Wednesday, February 27, 2013

Book Review: Dating is Murder by Harley Jane Kozak (Wollie Shelley #2)

Stars: 4 out of 5
Pros: Sympathetic characters and a good plot once it gets going
Cons: The plot moves slowly in the first half
The Bottom Line:
Overcomes slow start
With the mysteries of dating
Crime complications

Wollie and the Missing Au Pair

Greeting card artist Wollie Shelley thought she finally had her life all figured out. But then her fiance left her to recover from a very broken heart.

In an attempt to get her out of her funk, Wollie's two friends get her a spot on BIOLOGICAL CLOCK, a Los Angeles based reality dating show where America will pick one couple to potentially have kids. Wollie is only interested in it for the medical benefits for the winner, however.

It's on the set that Wollie meets Annika, a German au pair who is a volunteer member of the show's crew. The two become friends, until one day when Annika disappears.

Annika's mom frantically calls Wollie asking for help, so what can Wollie do but try to find the young woman. She starts with Annika's host family and then begins branching out to other au pairs and friends Annika has made during her time in Southern California. No one has seen her and no one knows where she might be. And everyone seems to be giving Wollie different information about Annika. Was she really into drugs? Did she have a criminal past in Germany?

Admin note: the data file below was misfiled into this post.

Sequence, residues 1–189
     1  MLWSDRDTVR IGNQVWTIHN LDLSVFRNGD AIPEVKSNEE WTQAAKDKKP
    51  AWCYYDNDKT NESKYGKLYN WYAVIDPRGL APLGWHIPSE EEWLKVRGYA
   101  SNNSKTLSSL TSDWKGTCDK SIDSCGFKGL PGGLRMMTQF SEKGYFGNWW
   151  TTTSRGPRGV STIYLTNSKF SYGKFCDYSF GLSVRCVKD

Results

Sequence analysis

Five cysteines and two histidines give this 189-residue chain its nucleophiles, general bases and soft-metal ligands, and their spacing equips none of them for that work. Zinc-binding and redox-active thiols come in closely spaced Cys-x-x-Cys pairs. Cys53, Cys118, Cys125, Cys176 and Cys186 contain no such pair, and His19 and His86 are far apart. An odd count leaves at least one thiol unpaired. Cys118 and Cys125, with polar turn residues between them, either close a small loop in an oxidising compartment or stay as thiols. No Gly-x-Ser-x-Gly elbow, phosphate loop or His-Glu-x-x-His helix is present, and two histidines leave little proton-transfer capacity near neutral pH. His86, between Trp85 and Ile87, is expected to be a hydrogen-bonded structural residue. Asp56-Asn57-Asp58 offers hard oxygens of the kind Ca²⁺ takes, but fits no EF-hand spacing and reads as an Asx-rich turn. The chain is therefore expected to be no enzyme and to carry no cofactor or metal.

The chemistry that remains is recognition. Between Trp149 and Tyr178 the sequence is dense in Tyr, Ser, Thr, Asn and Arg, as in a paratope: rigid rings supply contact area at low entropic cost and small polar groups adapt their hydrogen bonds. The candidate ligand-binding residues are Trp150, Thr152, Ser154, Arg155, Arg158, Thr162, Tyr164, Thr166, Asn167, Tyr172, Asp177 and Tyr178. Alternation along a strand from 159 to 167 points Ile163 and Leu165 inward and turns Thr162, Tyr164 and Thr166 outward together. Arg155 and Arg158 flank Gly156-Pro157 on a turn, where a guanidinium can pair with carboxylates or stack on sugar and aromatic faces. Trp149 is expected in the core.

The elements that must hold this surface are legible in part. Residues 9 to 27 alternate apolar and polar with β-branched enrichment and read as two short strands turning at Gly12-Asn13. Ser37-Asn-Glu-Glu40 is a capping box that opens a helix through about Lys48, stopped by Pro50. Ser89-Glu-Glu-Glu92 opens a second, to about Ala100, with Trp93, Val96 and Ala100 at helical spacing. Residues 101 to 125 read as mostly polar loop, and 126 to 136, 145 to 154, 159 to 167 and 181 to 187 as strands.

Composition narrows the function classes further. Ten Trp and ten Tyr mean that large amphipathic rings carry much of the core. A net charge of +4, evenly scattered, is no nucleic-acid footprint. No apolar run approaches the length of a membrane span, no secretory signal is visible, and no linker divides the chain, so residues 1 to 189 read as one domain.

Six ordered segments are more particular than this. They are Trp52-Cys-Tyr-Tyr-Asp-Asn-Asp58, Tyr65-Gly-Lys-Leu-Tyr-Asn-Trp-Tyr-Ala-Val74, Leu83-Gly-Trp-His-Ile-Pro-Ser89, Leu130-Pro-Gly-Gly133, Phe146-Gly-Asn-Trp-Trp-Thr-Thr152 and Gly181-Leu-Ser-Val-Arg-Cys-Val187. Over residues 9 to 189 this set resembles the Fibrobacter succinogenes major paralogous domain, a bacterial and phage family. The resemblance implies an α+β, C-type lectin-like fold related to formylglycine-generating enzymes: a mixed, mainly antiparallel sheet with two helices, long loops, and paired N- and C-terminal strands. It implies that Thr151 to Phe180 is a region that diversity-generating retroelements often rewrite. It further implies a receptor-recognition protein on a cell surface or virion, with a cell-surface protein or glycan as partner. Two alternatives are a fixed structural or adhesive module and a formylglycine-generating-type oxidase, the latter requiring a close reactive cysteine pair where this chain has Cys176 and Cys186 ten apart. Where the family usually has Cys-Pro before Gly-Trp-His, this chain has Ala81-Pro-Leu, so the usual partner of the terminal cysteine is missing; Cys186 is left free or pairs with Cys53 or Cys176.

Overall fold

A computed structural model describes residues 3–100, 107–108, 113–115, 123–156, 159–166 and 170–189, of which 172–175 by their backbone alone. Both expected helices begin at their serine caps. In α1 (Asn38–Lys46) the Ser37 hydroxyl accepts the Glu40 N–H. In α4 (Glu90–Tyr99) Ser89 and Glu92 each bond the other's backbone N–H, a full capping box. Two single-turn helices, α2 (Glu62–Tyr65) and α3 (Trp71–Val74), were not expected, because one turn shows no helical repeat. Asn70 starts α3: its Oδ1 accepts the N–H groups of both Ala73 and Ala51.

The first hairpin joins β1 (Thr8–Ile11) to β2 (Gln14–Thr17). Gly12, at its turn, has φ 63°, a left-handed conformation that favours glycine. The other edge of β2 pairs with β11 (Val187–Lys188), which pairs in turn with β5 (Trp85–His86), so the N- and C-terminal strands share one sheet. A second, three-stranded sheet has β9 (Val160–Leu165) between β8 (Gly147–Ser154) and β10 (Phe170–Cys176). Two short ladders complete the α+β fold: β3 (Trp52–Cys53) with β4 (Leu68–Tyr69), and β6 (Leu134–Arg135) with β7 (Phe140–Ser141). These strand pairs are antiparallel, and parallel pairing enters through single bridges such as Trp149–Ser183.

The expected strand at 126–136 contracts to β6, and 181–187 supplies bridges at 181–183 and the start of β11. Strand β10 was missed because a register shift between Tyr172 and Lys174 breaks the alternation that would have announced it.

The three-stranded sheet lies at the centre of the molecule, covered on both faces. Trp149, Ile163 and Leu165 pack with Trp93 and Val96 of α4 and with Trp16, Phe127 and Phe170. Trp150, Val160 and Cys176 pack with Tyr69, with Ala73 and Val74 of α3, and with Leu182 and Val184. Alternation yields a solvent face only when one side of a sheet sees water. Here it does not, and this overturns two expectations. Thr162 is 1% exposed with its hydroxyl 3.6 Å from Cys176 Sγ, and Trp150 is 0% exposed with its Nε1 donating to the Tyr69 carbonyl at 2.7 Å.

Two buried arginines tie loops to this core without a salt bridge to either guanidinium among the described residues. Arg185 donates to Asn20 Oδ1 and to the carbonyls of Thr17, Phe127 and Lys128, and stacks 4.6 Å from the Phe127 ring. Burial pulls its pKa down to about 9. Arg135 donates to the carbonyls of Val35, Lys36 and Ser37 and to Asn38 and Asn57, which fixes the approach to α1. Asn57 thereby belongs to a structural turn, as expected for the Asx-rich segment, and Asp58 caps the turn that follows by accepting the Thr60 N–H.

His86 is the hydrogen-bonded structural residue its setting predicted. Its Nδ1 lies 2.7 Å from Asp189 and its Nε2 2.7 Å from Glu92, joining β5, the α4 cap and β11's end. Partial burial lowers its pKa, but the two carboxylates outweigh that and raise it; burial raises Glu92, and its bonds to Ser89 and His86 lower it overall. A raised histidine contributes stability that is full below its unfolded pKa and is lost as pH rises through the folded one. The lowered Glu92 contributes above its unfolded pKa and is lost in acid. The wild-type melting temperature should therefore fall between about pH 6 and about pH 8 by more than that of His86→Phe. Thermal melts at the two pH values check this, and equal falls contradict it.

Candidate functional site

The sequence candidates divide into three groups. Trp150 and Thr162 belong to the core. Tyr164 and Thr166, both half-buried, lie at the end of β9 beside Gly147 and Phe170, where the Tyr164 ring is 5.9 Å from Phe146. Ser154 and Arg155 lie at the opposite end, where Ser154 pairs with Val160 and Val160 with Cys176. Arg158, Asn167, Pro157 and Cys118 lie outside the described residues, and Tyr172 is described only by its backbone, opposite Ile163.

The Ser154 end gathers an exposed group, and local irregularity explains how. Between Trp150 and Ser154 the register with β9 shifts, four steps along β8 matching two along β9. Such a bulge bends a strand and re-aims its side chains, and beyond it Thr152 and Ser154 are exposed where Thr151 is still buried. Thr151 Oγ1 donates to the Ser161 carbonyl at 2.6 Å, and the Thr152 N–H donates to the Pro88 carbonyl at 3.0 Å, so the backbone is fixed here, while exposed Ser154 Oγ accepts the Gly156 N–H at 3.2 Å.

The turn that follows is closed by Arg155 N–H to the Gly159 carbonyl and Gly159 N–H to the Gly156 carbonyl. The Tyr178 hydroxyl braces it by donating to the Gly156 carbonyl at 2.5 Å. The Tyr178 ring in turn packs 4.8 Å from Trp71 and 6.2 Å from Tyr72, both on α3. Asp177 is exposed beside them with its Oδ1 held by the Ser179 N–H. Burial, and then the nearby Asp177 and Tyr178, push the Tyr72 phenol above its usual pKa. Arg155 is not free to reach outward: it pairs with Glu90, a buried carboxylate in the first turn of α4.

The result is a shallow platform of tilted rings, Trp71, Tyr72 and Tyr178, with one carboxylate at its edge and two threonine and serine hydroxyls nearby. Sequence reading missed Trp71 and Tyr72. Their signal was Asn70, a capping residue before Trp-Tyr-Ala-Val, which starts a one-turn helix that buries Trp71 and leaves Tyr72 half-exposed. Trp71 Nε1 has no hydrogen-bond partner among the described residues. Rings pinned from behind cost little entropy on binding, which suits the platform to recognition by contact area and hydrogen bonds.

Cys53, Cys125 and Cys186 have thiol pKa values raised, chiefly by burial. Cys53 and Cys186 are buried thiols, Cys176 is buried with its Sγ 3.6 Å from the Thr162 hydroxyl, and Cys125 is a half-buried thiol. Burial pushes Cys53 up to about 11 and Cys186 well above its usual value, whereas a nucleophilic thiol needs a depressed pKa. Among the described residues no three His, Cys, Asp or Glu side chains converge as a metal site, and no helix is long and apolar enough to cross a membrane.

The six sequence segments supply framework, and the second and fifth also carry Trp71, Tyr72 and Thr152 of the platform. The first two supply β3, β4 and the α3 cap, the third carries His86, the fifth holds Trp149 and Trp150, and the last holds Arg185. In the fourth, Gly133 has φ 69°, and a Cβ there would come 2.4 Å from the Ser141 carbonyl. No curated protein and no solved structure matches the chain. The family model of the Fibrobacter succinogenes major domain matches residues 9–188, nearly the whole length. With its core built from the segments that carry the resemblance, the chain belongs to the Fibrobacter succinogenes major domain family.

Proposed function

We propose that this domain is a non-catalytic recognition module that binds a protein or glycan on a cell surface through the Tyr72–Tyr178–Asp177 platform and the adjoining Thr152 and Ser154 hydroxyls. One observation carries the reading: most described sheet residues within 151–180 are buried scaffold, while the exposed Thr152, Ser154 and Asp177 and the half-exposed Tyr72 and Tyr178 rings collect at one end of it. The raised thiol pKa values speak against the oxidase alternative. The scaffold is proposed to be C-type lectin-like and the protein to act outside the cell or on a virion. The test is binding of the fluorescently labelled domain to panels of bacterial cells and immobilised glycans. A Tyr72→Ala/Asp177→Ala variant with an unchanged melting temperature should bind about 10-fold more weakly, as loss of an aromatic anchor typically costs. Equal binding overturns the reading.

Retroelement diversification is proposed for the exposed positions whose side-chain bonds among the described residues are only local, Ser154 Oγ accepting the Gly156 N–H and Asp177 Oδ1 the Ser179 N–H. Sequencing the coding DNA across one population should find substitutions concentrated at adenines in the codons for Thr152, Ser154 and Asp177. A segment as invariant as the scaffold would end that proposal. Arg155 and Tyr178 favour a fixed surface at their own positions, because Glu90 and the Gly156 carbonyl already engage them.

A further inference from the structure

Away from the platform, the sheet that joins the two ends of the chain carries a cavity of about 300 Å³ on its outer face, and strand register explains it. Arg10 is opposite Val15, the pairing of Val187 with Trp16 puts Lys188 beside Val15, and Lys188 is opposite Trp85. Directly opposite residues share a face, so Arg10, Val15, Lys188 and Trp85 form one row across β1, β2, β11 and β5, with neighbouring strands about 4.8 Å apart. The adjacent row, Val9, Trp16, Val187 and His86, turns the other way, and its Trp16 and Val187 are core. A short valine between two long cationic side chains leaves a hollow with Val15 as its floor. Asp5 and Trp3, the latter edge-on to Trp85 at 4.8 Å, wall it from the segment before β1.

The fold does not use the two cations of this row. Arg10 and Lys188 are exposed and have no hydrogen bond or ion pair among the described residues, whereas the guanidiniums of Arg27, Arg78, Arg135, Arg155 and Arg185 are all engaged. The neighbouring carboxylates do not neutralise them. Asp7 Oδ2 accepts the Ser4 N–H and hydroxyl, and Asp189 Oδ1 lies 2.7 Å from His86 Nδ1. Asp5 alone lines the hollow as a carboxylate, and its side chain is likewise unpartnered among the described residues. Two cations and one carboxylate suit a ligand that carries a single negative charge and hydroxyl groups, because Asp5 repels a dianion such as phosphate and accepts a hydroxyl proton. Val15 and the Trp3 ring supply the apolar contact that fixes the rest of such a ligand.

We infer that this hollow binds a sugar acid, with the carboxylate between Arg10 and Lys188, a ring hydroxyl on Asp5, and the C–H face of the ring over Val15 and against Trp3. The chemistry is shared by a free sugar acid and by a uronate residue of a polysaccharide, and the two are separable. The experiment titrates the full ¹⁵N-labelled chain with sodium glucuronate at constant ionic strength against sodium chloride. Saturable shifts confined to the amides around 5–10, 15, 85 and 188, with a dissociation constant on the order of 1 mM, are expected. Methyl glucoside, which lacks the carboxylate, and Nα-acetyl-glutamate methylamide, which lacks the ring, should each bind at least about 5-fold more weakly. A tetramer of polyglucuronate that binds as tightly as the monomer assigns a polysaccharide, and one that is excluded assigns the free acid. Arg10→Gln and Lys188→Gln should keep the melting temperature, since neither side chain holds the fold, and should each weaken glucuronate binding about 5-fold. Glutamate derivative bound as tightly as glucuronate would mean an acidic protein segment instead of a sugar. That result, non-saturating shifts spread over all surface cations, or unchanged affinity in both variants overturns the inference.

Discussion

Wollie's hardly begun digging into the case when she picks up a tail. But the most disturbing thing about him is, Wollie finds him incredibly attractive.

After reading Harley Jane Kozak's debut novel, I couldn't wait to pick up her second book. While the first book started off with a bang, this one starts much slower. Last time I complained that I had a hard time keeping all the characters straight, which wasn't a problem this time around. However, the pace in the first half was a little slow. The plot does kick into high gear in the second half and it was hard to put down after that.

Fortunately, the characters are strong, and that helps keep the entire book interesting. Wollie is a very vulnerable character in this book, dealing with her break-up as well as her desire for a child before she no longer can have one. Yet she is strong in her search for Annika, plunging ahead even though there really isn't anything in it for her. Her friends support her and do always have her interests at heart even if Wollie doesn't think so at the moment. I actually liked them better then in the first book.

The book is also liberally laced with humor. The first person narration provides lots of laughs from Wollie's slightly sarcastic observations on the proceedings. And Wollie's Thanksgiving with her family provides lots of laughs as well.

While the first half drags at times, Dating is Murder is still an enjoyable second entry in what will hopefully be a long running series. I'm already planning on another date with Wollie.

And be sure to read the Wollie Shelley Mysteries in order.

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